The bottom line is that the current zero interest rate policy (ZIRP) and the various quantitative easings will be dismantled and undone as slowly and deliberately as they were put on. We’ll not be thrown down face-first atop a wooden table, ravished and thrusted upon by coarse soldiers as a sentry guards the door. No, after all this time I believe that our corset shall be untied gingerly and with care, our hips caressed and our neck dappled with an archipelago of gentle kisses. Bernanke is nothing if not a patient lover, subtle almost to a fault.
To be positioning our portfolios for anything else, regardless of misinterpreted signals, would be to act against all of the evidence we have.
The above is from a fairly well-trafficked post I did at Forbes this past May about what the wind-down of QE would look and feel like according to my best guesses.
The key, in my view, was that Bernanke was not about to be goaded into wrecking the economy just for the sake of “his legacy”. Many in the media and on Wall Street had expected a raping in the credit markets and the yield proxy sectors but I just didn’t see it that way.
Here was one of several points I tried to make:
7. The conditions under which the Fed does anything other than talk will presumably be better than the conditions of the recent past. This means a low 7%ish headline unemployment rate, a stabilization in the labor force participation rate (which may have already begun in April) and accelerating GDP growth. And not for one month or quarter, but for an enduring amount of time. The Fed has 250 PhDs running around analyzing this stuff, they have all the same timing concerns that we do.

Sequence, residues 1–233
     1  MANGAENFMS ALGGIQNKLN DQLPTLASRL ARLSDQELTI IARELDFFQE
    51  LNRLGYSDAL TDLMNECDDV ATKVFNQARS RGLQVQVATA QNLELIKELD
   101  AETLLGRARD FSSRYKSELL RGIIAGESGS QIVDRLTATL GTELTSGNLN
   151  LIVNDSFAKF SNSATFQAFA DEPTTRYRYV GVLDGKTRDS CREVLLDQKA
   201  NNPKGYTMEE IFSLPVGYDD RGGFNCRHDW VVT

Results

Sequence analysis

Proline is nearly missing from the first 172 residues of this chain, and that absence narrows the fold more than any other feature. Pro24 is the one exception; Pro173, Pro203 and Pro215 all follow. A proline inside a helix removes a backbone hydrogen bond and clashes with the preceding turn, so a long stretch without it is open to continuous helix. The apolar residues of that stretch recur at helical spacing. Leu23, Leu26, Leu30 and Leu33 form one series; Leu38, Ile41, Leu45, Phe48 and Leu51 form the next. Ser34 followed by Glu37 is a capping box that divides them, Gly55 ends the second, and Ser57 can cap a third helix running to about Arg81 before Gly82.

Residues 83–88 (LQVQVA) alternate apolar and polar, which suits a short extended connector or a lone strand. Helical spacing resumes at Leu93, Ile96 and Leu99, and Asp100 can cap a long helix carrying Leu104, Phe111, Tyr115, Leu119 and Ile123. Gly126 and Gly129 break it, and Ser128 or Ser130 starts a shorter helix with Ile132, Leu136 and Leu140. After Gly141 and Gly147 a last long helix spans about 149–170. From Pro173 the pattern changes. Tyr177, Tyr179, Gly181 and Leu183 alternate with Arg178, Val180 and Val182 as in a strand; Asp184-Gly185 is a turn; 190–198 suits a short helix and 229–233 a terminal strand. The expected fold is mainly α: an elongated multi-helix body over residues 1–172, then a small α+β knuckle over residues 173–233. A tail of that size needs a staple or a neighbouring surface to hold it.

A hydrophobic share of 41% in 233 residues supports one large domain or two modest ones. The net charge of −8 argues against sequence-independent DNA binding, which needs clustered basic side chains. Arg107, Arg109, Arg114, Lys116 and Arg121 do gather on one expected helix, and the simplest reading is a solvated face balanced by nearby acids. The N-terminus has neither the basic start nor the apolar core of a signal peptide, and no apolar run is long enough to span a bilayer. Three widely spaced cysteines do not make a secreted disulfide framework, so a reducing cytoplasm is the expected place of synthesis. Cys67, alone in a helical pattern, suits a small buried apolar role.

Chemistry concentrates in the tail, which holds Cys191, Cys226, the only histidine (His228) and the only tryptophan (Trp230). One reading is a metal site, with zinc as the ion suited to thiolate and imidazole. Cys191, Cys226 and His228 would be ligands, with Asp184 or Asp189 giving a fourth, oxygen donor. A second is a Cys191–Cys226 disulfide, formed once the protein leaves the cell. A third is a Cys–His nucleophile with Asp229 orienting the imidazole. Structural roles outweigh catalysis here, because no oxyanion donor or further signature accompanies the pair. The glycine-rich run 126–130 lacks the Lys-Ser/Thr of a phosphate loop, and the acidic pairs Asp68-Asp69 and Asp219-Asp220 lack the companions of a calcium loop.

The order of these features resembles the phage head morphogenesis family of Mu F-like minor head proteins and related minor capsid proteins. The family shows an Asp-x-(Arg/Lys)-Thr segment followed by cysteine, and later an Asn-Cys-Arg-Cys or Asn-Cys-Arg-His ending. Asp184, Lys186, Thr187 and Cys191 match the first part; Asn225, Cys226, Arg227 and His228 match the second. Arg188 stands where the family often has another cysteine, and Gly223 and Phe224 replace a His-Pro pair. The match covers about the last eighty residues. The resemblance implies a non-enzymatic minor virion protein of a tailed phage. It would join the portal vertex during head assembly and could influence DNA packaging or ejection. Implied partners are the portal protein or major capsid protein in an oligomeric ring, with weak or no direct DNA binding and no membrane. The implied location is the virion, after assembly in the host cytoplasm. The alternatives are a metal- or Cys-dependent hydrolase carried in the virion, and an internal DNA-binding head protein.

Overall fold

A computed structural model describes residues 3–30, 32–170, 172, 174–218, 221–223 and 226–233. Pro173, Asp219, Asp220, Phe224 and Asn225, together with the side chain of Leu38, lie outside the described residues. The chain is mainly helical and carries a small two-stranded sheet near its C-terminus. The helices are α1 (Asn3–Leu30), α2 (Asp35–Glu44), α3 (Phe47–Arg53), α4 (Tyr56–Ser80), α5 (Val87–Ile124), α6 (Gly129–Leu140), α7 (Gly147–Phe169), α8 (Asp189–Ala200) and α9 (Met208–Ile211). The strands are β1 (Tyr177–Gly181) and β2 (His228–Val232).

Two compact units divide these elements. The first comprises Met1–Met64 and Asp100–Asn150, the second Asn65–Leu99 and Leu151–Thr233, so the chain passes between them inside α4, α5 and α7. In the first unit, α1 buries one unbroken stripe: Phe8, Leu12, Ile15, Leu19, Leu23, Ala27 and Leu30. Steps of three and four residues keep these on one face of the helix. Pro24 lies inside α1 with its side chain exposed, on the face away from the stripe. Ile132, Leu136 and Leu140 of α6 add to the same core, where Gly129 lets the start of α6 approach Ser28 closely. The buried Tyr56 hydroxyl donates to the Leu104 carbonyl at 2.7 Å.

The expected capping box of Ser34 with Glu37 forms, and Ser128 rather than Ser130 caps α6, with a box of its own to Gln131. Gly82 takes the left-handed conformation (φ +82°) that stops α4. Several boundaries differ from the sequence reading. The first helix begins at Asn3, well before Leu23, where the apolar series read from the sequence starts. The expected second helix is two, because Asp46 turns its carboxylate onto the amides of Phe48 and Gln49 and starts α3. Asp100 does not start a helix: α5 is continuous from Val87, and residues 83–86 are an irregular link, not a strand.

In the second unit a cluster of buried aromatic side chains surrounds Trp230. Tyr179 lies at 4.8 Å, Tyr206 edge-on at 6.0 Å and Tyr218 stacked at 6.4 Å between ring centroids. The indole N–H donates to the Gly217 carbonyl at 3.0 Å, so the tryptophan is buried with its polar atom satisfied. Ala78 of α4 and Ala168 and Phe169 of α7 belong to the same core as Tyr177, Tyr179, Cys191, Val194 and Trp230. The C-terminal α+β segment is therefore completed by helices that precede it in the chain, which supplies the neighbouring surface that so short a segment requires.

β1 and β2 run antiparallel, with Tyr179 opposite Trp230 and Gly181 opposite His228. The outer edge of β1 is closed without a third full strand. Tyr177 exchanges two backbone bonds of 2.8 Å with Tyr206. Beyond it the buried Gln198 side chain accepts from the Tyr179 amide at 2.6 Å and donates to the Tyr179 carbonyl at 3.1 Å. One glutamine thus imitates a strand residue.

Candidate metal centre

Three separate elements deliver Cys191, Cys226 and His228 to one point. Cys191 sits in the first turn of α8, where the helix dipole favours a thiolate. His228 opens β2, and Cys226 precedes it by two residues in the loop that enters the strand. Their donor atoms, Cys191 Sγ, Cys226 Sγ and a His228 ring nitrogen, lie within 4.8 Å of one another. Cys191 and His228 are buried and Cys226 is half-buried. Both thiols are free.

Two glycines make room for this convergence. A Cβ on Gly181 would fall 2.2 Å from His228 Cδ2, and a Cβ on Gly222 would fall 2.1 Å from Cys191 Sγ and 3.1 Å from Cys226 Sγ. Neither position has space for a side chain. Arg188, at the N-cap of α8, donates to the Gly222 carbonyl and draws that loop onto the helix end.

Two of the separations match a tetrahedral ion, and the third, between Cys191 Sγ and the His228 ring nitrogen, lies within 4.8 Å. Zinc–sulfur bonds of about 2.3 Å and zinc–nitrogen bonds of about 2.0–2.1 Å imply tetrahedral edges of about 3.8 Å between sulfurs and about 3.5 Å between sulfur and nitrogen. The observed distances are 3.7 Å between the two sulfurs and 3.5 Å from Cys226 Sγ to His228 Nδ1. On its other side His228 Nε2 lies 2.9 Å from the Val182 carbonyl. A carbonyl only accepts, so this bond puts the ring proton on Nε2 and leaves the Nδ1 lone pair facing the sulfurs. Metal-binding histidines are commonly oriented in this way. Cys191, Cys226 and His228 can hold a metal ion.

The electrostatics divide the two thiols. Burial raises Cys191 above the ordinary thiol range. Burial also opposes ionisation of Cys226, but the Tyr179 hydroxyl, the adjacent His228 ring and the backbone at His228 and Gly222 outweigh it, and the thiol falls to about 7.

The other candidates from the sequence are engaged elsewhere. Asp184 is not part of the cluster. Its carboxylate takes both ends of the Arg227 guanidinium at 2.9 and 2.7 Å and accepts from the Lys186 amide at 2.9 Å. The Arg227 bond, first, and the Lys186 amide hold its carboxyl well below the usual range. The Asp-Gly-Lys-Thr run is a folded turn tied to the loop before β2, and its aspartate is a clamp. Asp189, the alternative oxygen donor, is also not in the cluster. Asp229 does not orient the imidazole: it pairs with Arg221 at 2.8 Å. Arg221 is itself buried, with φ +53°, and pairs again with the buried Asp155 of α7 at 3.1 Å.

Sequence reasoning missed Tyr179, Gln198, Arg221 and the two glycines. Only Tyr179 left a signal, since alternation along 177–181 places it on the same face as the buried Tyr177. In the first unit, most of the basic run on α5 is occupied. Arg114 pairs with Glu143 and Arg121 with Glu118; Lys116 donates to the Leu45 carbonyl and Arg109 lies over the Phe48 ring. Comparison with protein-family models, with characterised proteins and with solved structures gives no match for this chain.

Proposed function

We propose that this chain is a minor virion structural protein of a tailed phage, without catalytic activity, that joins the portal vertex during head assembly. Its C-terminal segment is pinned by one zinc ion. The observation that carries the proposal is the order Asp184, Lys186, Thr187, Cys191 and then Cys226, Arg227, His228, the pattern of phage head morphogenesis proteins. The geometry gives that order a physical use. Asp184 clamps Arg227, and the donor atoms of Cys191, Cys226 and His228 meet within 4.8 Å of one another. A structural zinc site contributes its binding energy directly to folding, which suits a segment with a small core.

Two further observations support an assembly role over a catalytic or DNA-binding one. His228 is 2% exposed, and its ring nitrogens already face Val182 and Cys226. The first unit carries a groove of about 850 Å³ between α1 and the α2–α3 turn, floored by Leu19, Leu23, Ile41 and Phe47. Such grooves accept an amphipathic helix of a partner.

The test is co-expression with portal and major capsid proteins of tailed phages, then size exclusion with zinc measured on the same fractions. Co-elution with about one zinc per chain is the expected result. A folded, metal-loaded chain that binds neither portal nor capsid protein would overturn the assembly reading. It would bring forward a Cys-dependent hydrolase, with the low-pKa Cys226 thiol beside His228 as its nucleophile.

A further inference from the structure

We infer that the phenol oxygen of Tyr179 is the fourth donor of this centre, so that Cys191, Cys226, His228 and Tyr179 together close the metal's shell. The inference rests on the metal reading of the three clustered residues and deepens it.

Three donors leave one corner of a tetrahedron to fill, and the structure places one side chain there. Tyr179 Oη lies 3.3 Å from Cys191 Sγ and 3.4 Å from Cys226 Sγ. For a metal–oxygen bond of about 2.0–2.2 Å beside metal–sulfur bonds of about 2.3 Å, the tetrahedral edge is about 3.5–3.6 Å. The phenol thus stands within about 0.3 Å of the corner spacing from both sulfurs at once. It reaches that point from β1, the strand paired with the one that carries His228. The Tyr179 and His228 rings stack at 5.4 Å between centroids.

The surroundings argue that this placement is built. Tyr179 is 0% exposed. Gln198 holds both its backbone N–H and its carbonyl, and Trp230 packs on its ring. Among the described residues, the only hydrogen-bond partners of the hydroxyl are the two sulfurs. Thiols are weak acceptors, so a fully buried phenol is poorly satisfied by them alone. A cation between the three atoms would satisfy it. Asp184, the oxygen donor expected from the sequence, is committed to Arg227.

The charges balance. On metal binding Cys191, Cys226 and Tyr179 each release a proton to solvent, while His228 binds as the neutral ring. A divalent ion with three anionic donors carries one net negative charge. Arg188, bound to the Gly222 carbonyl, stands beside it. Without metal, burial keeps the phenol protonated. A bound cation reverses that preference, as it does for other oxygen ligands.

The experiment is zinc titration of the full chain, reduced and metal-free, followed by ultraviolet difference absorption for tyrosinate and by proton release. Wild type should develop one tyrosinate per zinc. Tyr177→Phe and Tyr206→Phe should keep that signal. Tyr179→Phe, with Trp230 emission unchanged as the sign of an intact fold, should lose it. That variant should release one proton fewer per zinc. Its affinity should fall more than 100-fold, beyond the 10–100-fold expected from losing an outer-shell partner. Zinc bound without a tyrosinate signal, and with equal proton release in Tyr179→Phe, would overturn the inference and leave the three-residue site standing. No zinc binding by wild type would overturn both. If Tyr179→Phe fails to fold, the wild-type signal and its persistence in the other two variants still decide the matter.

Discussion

Here is where Bernanke’s “Student of the Depression” merit badges come in handy – in the Spring of 1937, production, profits, and wages had returned to pre-1929 crash levels. FDR was then pushed by his councillors into tightening monetary policy – a decrease in deficit spending, a hike in reserve requirements for banks – which promptly led to the recession of 1937-38 or what economic historians refer to as “Roosevelt’s Recession”. As we have seen so far, Bernanke is not going to be pushed into repeating that mistake, even when gun-fetishizing, ignorant presidential candidates make physical threats against him – actual Rick Perry quote from last summer’s campaign trail: “If this guy prints more money between now and the election, I dunno what y’all would do to him in Iowa but we would treat him pretty ugly down in Texas.” Nice, moron, have a can of beer.
The bottom line is that the Fed did what the Fed said the Fed would do. Unemployment is above the stated threshold and inflation is below – thus, no taper. Why is this so mystifying? Are we that untrusting of people’s word that we can’t take a single thing at face value anymore?